• - 1 in 6 - Ontario couples who struggle with infertility in their lifetime
  • - 1,600 - approximate number of children adopted into Ontario families each year through the province's three adoption services - public, private domestic and intercountry
  • - 9,400 - approximate number of Crown wards in 2007-08, but only 822 adopted
  • - Ontario's current adoption system is fragmented, complex and time- consuming, failing to quickly connect waiting children with potential families
  • - Children who need families - particularly older children and youth - are often stuck in Ontario's child welfare system. Many of them have court-ordered access to their birth families that prevents them from being adopted
  • - The single greatest barrier to assisted reproduction services is the cost. Most procedures are not covered by OHIP and are beyond the reach of most Ontarians
  • - Clinics and fertility centers are not required to be accredited and people don't know where to go for the best care
  • - The high cost of assisted reproduction services is leading to decisions which result in an unacceptably high rate of multiple births in Ontario - this threatens mothers' and children's health and well-being and results in high hospital and other health costs
  • - Ontarians face other barriers accessing assisted reproduction services: some live too far from the small number of clinics, others - such as single people and same-sex couples - face social and legal barriers, and the stigma associated with infertility keeps many Ontarians from seeking help

    About the Expert Panel

    In 2007, the Ontario Government made a commitment to help Ontarians who struggle to build their families. In July 2008, the Government of Ontario appointed the Expert Panel on Infertility and Adoption to help provide advice on how to improve access to assisted reproduction services and Ontario's adoption system. The report "Raising Expectations" represents the independent views of the Expert Panel and has been presented to the Government for consideration.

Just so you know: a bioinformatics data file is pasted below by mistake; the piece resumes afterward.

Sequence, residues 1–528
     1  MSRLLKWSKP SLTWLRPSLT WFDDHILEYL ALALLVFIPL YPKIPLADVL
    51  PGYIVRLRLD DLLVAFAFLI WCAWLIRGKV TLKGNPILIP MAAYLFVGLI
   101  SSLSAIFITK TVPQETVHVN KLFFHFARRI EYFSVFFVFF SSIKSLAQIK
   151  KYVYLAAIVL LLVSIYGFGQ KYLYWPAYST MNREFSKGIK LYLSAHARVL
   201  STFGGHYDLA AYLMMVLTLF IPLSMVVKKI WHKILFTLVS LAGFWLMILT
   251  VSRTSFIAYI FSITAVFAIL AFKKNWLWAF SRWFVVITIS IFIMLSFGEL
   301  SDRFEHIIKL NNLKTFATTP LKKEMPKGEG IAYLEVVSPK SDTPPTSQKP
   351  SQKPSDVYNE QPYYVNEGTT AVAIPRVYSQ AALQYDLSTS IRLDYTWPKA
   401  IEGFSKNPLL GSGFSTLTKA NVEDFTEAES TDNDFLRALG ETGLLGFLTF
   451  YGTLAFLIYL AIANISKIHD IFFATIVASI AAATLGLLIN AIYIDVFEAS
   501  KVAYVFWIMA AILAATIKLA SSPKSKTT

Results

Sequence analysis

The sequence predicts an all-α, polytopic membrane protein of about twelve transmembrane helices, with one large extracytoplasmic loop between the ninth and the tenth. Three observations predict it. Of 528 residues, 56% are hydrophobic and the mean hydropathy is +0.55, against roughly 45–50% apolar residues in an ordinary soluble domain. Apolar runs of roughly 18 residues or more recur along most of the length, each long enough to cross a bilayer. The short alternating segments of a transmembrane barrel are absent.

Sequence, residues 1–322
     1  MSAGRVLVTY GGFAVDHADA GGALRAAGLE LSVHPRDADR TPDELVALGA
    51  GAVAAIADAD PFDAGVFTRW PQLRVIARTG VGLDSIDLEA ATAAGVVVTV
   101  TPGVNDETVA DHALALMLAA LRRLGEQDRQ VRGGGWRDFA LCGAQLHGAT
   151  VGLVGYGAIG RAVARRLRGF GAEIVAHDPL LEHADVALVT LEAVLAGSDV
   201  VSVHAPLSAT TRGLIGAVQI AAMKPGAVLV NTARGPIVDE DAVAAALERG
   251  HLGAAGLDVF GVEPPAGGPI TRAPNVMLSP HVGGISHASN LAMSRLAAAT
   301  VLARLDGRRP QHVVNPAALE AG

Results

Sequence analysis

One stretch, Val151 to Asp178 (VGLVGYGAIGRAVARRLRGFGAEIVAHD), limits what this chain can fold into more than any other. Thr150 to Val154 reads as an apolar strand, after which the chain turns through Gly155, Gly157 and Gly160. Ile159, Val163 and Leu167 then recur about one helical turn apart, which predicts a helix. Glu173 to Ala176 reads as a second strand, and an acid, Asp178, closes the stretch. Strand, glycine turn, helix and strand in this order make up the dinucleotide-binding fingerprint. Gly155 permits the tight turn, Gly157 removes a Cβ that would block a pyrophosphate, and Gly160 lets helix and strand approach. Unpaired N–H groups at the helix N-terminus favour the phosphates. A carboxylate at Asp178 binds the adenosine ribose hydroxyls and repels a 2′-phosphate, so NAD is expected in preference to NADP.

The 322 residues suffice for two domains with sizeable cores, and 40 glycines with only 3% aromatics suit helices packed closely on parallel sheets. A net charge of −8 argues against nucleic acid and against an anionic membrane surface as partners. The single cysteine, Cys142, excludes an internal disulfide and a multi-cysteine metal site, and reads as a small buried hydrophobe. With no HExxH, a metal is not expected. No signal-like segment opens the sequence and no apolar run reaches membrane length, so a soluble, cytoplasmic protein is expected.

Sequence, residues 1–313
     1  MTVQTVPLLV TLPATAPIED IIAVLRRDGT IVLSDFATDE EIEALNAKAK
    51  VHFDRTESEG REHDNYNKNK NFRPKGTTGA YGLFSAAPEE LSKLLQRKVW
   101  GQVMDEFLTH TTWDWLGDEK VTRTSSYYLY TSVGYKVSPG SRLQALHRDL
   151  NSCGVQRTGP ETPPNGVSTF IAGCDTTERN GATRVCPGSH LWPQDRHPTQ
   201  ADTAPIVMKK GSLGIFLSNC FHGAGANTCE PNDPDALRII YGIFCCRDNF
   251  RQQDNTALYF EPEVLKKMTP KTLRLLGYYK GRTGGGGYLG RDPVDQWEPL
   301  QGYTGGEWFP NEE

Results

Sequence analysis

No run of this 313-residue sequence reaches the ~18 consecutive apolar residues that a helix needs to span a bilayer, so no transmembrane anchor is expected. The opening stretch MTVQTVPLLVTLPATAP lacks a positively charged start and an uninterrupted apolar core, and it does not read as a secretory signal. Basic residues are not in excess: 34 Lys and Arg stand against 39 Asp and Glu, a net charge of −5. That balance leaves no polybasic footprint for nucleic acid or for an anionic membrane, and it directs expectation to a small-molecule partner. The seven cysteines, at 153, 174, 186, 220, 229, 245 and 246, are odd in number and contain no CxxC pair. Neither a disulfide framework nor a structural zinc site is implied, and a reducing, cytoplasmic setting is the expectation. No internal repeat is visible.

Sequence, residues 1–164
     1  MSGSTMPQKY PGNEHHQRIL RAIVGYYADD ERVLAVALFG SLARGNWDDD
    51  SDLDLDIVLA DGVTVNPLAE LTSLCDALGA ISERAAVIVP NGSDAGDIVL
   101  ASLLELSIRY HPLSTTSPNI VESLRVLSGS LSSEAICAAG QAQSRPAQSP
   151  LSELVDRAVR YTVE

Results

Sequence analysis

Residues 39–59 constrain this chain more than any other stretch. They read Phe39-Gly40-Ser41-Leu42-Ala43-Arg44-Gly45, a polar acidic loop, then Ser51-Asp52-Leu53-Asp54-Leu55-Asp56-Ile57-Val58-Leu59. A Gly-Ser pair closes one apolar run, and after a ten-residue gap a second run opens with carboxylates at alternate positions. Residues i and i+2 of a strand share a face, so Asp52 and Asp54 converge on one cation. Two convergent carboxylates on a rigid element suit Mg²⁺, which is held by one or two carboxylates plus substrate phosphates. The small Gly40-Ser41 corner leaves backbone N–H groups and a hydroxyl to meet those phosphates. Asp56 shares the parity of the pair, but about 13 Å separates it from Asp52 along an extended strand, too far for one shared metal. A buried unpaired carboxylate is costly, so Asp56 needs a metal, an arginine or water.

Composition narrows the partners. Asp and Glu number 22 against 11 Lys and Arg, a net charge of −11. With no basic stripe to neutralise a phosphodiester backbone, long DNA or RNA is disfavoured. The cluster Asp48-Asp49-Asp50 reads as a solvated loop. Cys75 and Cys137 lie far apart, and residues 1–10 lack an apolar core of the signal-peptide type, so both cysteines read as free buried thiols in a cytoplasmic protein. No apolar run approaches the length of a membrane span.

The Expert Panel is made up of 11 members including reproductive endocrinologists, specialists in counselling, family medicine, complementary therapies and adoption; lawyers and business executives; people who have experienced infertility and/or used assisted reproduction first hand; and adoptive parents. The Panel was chosen to bring a breadth and depth of expertise and perceptions in the study areas relating to infertility, assisted reproduction and adoption.

    The Expert Panel's Methodology

    The Panel worked for a period of a year through a multi-disciplinary methodology to understand the challenges that Ontarians face when trying to build families through adoption or assisted reproduction. The study included an online survey of the public and a range of stakeholders, as well as in-person or telephone interviews of users of the adoption and/or assisted reproduction services. The Panel Members also reviewed literature on related subjects; examined policies and programs of other jurisdictions; conducted qualitative surveys of current key service providers; and reviewed presentations from experts and stakeholders in the field.

    For further information: or to schedule an interview with a representative of the Expert Panel, please contact David Johnston at (416) 212-2208 .